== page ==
Armed National Guardsmen on Boston's T, courtesy of 10 News reporter Noah Pranksy
BOSTON (USA TODAY) -- This rattled city was grappling Tuesday with a strong
police presence on its streets and transportation hubs, heaps of trash
and collateral damage at one of its signature intersections, and a firm
resolve to heal and move forward.
One day after two bombs rocked
the finish line of the Boston Marathon and the nerves of residents and
tourists here, police promised "significantly enhanced" security at bus
and train stations and airports. And the mayor promised that the city
won't be intimidated by terror.
"We're going to make sure the
city pulls together," Mayor Thomas Menino said Tuesday. "Boston's a
strong city. ... Boston will overcome."
There were small signs
of a return to normalcy Tuesday. The sealed crime scene centered at the
intersection of Boylston and Exeter streets shrank from 15 blocks to 12.
Planes, trains and automobiles were running at or near normal operating
schedules. Airlines at Boston's Logan International Airport were even
waiving change fees for customers scheduled to fly there during the next
Some runners, their gait a little off from their
brutal run a day before, took recovery runs Tuesday to work out the
kinks. Others, wearing the blue and yellow running jackets issued to
runners, walked the streets of Back Bay, about a quarter mile from the
finish line. They made their way past a chorus line of Boston police,
state police and ATF agents and barricades.
A handful of people
wearing business clothes moved along sidewalks too, though most
businesses remained closed and the mood was subdued.
A pall also
hung over the woodrame Dorchester home of Martin Richard, 8, one of the
tragedy's three fatalities. His mother and sister were seriously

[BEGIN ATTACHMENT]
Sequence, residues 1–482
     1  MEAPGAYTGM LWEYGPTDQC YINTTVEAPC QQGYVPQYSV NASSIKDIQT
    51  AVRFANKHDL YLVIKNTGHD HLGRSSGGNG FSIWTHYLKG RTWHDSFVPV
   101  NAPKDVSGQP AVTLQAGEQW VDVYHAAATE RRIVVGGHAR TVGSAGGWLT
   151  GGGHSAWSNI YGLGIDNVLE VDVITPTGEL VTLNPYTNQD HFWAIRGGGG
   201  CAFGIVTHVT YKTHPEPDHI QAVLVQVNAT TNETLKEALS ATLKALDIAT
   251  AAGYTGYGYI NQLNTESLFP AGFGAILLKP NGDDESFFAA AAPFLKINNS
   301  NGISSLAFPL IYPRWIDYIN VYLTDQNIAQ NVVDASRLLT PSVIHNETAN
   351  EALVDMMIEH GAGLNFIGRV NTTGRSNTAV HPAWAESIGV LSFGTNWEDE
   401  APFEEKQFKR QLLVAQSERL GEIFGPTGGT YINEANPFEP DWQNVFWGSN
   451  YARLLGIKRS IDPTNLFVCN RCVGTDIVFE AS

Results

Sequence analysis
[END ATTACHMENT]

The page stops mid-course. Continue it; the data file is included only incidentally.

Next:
injured. On Tuesday, neighbors or even strangers walked or drove up to
leave flowers or balloons on the front steps. Police set up yellow tape
to prevent the press from getting too close, and a Boston police
sergeant took gifts to the home for the visitors.
One group of people - two adults and two children - who left balloons held onto one another as they walked away.
blasts occurred about two hours after Ethiopia's Lelisa Desisa won the
26.2-mile race Monday. Bloodied spectators were carried to a medical
tent intended for runners.
Organizers stopped the race and locked
down the marathon headquarters. The Federal Aviation Administration
announced a temporary flight restriction over Boston.
The tragedy brought words of encouragement and solidarity from across the nation -- and around the world.
Obama praised first responders and others who helped the injured. "If
you want to know who we are, what America is, how we respond to evil,
that's it: selflessly, compassionately, unafraid," he said.
Francis sent word Tuesday to Cardinal Sean O'Malley, archbishop of
Boston, that he was "deeply grieved" by the bombings. The pope said he
"invokes God's peace upon the dead, his consolation upon the suffering,
and his strength upon all those engaged in the continuing work of relief
Francis also prayed that all would be "united in a
resolve not to be overcome by evil, but to combat evil with good,
working together to build an ever more just, free and secure society for
generations yet to come."
In Boston, District Attorney Daniel Conley couldn't agree more.
like this, and our response to them, define who we are," Conley said
"In the past 24 hours, the city of Boston has shown strength, compassion
and determination to see justice done."